No Recourse Means You’re Not Exemplary
All that having been said, one real problem with these instructions is that it openly states the elderly persons may have “no recourse” but to allow their grown child to engage in sexual activity in the home. For some reason, this might make that elderly person no longer qualified to serve in an “exemplary” position, even though they’re not the ones committing “sexual immorality” and are not allowing it under their roof because of a negligent attitude.
Consider this brutality for a moment. An elderly person is no doubt already anxious for their age and health, might be suffering pain, limited mobility, a strain on their finances, embarrassment over some physical condition, etc., and probably doesn’t enjoy needing to rely on anyone for assistance. If they have “no recourse” but to have that grown child in the home, their condition or situation is obviously quite serious.
In addition to all those concerns, however, now they’re not considered “exemplary”? How are they setting a poor example by doing the only thing they can do in order to cope physically and perhaps even financially with their advancing age and all its challenges?
What is the elderly person’s other option; kick their child out of the home and then get sick and die, or be put in a horrible nursing home and suffer abuse and neglect every day?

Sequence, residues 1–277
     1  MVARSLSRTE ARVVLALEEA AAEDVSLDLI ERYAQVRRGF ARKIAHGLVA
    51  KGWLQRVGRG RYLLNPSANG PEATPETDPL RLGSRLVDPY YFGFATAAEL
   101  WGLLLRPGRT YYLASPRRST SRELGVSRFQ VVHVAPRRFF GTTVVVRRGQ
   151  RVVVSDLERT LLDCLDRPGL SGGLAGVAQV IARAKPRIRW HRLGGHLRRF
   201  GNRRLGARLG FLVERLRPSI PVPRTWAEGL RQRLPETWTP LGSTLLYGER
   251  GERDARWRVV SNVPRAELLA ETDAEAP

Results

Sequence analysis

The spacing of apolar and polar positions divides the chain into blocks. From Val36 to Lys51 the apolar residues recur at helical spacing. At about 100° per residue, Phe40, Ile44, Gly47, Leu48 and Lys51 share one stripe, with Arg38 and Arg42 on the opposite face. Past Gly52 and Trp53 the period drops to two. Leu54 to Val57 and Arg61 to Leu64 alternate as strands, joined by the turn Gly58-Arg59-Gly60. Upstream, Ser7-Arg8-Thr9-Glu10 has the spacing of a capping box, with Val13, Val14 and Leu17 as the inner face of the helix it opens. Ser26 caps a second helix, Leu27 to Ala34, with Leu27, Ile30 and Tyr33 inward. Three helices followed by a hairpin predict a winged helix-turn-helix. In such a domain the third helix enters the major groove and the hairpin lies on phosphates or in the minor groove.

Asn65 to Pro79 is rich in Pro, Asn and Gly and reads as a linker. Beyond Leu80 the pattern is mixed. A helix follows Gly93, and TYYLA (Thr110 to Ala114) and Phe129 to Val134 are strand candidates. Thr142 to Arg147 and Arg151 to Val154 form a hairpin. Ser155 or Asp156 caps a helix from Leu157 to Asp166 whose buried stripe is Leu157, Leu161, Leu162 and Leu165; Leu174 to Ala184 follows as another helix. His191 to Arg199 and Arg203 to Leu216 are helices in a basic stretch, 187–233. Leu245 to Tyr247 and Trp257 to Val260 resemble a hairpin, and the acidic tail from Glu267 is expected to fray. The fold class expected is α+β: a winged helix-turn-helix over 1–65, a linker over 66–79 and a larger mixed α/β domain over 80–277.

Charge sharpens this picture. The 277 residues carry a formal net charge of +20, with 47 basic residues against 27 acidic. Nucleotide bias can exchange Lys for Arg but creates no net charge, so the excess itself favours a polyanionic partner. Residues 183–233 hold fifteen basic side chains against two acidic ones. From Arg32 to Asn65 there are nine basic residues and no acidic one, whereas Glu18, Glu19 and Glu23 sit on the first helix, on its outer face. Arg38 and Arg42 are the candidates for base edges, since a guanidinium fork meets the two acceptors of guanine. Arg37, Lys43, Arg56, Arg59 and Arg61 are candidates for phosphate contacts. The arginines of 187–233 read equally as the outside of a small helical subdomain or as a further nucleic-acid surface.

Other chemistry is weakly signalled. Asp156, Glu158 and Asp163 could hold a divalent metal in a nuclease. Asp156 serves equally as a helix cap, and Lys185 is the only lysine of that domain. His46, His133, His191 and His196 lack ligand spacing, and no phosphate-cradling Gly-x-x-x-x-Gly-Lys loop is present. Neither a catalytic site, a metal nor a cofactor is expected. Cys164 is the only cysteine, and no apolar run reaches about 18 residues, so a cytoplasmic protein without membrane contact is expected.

“Love Never Fails” to Abandon and Then Judge You, Even Elderly Ones
There is an ironic hypocrisy in the fact that this new “Shepherd” book was released in January of 2019, and the theme for the 2019 regional conventions of Jehovah’s Witnesses was “Love Never Fails.” A symposium on Saturday, “Display Unfailing Love in the Congregation,” included the part, “To the Elderly.”
Well, love has certainly failed in this directive. If elderly ones in the congregation have “no recourse” but to rely on non-Jehovah’s Witness adult children, doesn’t that indicate that the congregation has failed to provide the care they need?
Wouldn’t a better set of instructions to the elders demand that they find out why those elderly ones need to rely on so-called worldly children in the first place and then do what’s necessary to make sure older congregants are provided for properly?
Shouldn’t the congregation members and elders who have failed to care for their own, and especially elderly people who need assistance, be the ones no longer considered “exemplary”?
The harshly judgmental attitude is an obscenity in of itself. Elderly and infirm Jehovah’s Witnesses are now judged for the horrific sin of getting old and needing assistance, and of having no one else to rely on but their grown children who might (gasp) expect a bit of respect and deference as an adult.
In addition to the indignities of old age and of needing everyday assistance for physical ailments, financial limitations, or other such concerns, these elderly ones now also suffer the potential punishment of having certain privileges denied them in their beloved religion.
Love never fails, indeed.